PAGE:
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Garbage collection RRS feed

  • Question

  • Hi,

    I've cache a bunch of images in a startup screen (like a splash screen) as follows:

    m_cache.abmpMachines = new Bitmap[CommonDefinitions.NUM_MACHINE_IMAGES];

    string szImage = "App.Resources.Machines.Machine1.jpg";
    Assembly _assembly = Assembly.GetExecutingAssembly();
    Stream file = _assembly.GetManifestResourceStream(szImage);
    m_cache.abmpMachines[CommonDefinitions.MACHINE_1] = new Bitmap(file);

    szImage = "LomaOPC.Resources.Machines.Machine2.jpg";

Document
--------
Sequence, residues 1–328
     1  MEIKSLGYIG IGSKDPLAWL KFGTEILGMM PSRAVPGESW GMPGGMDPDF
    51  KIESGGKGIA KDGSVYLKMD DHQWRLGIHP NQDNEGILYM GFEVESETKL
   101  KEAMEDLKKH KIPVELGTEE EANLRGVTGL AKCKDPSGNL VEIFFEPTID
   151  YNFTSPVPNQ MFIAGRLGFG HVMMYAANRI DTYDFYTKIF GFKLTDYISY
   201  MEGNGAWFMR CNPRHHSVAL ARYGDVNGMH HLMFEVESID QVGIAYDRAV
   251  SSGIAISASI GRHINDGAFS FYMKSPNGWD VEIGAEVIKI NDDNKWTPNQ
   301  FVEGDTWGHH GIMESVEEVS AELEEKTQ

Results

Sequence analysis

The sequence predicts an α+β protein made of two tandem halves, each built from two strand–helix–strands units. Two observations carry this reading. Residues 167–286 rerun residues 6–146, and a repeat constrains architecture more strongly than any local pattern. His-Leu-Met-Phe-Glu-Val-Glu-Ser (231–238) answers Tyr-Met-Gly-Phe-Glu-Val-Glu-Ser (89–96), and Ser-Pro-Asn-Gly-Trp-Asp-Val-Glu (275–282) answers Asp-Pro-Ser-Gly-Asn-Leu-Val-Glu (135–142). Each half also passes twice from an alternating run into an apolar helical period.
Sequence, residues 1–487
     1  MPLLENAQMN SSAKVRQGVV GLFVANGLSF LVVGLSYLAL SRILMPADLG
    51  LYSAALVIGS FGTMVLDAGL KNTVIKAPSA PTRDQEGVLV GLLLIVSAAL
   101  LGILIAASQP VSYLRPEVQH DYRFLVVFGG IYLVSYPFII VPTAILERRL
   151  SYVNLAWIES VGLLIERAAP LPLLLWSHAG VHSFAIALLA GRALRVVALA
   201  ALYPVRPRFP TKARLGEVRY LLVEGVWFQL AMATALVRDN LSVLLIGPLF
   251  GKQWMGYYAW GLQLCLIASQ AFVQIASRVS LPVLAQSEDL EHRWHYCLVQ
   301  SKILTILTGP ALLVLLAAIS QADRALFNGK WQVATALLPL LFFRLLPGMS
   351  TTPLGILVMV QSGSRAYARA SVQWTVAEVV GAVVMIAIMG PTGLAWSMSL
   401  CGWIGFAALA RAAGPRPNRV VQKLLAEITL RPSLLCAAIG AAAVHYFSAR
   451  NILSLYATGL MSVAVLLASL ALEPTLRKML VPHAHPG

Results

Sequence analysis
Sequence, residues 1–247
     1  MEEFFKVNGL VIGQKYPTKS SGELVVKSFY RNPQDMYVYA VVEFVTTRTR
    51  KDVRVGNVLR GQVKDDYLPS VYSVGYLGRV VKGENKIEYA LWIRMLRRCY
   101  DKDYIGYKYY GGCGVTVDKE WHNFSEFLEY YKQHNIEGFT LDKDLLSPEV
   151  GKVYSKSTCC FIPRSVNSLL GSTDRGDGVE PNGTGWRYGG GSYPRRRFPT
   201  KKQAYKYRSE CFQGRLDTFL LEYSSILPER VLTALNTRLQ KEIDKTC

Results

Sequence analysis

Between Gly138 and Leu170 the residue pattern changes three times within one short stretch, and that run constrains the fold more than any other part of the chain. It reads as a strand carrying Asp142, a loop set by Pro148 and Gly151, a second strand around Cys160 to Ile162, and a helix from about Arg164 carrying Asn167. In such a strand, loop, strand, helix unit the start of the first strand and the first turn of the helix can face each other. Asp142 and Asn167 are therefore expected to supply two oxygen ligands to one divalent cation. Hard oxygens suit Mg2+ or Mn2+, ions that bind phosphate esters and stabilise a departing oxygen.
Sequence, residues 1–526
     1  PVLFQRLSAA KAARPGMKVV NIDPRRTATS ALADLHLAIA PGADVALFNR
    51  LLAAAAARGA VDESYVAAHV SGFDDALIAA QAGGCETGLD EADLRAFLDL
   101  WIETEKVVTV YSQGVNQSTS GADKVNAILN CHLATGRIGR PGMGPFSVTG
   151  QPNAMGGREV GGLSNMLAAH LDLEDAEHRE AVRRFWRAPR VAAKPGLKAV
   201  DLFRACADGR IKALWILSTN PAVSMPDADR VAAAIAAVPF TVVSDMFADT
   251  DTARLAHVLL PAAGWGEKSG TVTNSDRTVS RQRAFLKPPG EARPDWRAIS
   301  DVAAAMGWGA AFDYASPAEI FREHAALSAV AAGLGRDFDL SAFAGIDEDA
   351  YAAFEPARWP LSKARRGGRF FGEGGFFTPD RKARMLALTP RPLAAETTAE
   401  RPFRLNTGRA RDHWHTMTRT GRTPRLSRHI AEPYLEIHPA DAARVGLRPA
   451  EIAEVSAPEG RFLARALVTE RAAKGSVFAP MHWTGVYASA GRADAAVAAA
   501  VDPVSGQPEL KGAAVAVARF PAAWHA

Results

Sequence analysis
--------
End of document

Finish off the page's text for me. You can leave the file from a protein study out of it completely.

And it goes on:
file = _assembly.GetManifestResourceStream(szImage);
    m_cache.abmpMachines[CommonDefinitions.MACHINE_2] = new Bitmap(file);

    // etc

    I then display these in a PicTureBox while the startup process (checking registry, initialising network connections) goes on. Once all startup actions are complete, I overlay a new screen which becomes the main run screen (and the startup screen gets hidden). I'd like the cache of images to be deleted, but there is no "delete" command like in C++.

    How do I achieve this? The cache is consuming around 100MB! I thought it would be automatically collected after a few seconds, but the memory is never returned until I completely close the app.

    Thanks,
    Alain

    • Moved by Leo Liu - MSFT Monday, February 6, 2012 6:21 AM Moved for better support. (From:Visual C# Language)
    Friday, February 3, 2012 4:32 PM

Answers